'˜Not fit for human habitation': Eight on trial from Bradford care home where dementia sufferer '˜lived in filth'

EIGHT workers from a Bradford care home - from the owner to the cleaner - are accused of the 'systemic, deliberate neglect' of an elderly and vulnerable man left living in 'abject squalor and filth', a jury heard.

Stephen Pelkowski, 51, the manager of Highdell care home. Picture: Ross Parry Agency

Highdell Nursing Home in Bradford’s Idle district, was described at the city’s Crown Court as a “care home in chaos” where 79-year-old dementia sufferer Edward Hinnells lived in a room “not fit for human habitation”.

A jury heard the staff are charged with the “systemic” wilful neglect of Mr Hinnells, who was left unwashed in soiled clothing in a room full of cigarette smoke, urine and faeces, with dirty walls and floor and no bedding.

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Stephen Wood, prosecuting, told the court Mr Hinnells could be abusive and violent and was “difficult to manage”.

Highdell care home in Bradford. Picture: Ross Parry Agency

He said: “However, this could never justify the conditions of abject squalor and filth he was left in by the defendants, who variously had responsibility for his care.”

He added: “Mr Hinnells’s personal hygiene needs were plainly neglected and he resided in a room that was, frankly, not fit for human habitation.”

Mr Wood said each of the defendants had a responsibility and duty to care for Mr Hinnells.

He told the jury: “Mr Hinnells and his room did not get into the state they were overnight.

Highdell care home in Bradford. Picture: Ross Parry Agency

“This was systemic, deliberate neglect by those who were charged with the care of a vulnerable, elderly and, let us not forget, very ill man.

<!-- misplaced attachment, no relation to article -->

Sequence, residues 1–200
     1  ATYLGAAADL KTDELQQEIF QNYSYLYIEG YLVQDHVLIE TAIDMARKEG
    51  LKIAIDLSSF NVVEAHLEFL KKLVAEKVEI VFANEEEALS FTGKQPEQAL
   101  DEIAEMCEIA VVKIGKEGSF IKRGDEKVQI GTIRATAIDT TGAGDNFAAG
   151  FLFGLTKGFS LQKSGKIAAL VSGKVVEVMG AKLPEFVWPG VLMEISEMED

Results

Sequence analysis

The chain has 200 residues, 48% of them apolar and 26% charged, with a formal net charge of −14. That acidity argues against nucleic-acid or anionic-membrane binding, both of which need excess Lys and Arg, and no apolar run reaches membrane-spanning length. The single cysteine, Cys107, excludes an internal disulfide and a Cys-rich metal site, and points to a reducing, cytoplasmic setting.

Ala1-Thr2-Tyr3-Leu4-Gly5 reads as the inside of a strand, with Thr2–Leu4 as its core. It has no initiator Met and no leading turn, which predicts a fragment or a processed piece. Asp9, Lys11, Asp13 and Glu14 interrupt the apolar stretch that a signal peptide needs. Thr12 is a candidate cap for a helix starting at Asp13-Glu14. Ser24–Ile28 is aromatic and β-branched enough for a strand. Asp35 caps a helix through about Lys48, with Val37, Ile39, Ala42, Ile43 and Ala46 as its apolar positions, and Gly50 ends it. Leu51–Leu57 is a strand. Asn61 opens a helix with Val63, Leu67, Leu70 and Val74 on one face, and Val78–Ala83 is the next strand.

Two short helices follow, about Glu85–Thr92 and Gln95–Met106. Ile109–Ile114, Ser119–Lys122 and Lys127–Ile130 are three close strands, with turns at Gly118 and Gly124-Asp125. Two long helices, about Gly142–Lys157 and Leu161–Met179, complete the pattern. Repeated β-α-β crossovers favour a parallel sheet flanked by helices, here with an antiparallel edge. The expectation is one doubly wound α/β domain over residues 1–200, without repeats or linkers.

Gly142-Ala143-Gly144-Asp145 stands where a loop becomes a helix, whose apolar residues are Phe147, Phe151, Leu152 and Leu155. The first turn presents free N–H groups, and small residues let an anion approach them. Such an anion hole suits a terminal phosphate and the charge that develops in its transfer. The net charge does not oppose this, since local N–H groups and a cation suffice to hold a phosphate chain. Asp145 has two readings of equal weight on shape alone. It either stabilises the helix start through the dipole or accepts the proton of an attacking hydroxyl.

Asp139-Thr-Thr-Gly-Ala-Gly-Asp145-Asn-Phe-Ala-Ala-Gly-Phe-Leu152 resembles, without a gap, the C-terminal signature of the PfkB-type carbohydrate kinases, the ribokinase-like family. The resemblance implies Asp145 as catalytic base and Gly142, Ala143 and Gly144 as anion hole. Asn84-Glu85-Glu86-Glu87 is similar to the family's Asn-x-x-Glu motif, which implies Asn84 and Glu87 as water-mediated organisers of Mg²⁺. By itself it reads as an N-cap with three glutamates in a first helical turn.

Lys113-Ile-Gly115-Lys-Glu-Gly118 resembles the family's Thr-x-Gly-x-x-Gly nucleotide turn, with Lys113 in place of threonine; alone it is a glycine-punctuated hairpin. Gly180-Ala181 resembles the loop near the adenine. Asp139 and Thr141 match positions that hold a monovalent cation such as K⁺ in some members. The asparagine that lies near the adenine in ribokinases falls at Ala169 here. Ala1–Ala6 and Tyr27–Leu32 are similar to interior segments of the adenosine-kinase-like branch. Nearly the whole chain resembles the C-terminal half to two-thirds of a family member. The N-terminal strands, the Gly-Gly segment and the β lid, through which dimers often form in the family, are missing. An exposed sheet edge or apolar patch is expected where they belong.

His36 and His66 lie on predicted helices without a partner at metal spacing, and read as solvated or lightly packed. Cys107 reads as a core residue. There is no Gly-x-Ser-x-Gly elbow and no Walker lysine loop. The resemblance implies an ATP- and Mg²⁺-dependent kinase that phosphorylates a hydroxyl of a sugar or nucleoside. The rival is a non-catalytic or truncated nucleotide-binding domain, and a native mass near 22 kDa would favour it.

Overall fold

“Everyone in the dock failed him.”

Some staff members told police they were not aware of safeguards put in place to help Mr Hinnells, there was a lack of training and the home was in need of investment, the court heard.

Mr Wood said: “The evidence and the answers given by various defendants to police in interviews gives the very real impression of a care home in chaos.”

The court heard Mr Hinnells moved to the care home in February 2013.

In December that year, a number of people, including family members and the police, visited Mr Hinnells in his room.

Mr Wood said Mr Hinnells’s granddaughter was “shocked and upset” by what she saw, while police officers described the “utterly appalling condition of the room and Mr Hinnells”.

Mr Wood said: “The officers, neither of whom had seen a room in a care home as filthy, describe themselves as upset and sickened by what they saw.”

The visitors said the room smelled of cigarette smoke, urine and faeces, the walls were dirty, the floor was sticky and there were cigarette burns on floor, the court heard.

The jury was told a chair was covered in dry faeces and cigarette burns, the bed was broken and had no bedding and a stained mattress and wardrobes were not secured to the wall.

A “filthy and encrusted” urine bottle stood on a dirty table next to a cup of tea, while there was a bowl full of urine and faeces under the table, Mr Wood said.

The visitors said Mr Hinnells wore clothing that was dirty and soaked in urine, his hands and face were dirty, he had strong body odour and his clothes bore marks of cigarette burns, the court heard.

They also said Mr Hinnells was left with cigarettes and a lighter to smoke unsupervised in his room, where no smoke detector appeared to be present, the jury was told.

Mr Wood said Wendy Selby, the manager of another care home, saw Mr Hinnells smoke six cigarettes in succession during her visit and said he was unaware when his cigarette had finished and was burning his fingers. He also appeared unable to put out a cigarette properly.

A physical examination of Mr Hinnells revealed open sores in his groin area and that his feet were in a “shocking state”, the court heard.

Mr Wood said safeguards were put in place to ensure staff could tend to Mr Hinnells’s needs and could lawfully use restraining techniques to clean him if he refused help.

When interviewed by police, some defendants said they were not aware these safeguards were in place and said that training was not provided, the court heard.

All described Mr Hinnells’s “challenging” behaviour to police and denied neglecting him, the jury was told.

Stephen Pelkowski, 51, the manager of Highdell, from Addingham; Jennifer Cross, 60, a senior care assistant from Idle, Bradford; Phillippa Robinson, 57, a senior nurse and registered mental health nurse from Shipley; Nicki Kassama, 30, a carer from Shipley; Valerie James, 58, a senior carer from Eccleshill, Bradford; Desmond Crowley, 59, a staff nurse and registered mental health nurse from Daisy Hill, Bradford; Gerard McDermott, 58, a registered mental health nurse from Ilkley; and Piotr Czajkowski, 49, a cleaner from Ravenscliffe, Bradford, all deny one count of wilful neglect of a person who lacks capacity.

The trial was adjourned until Wednesday.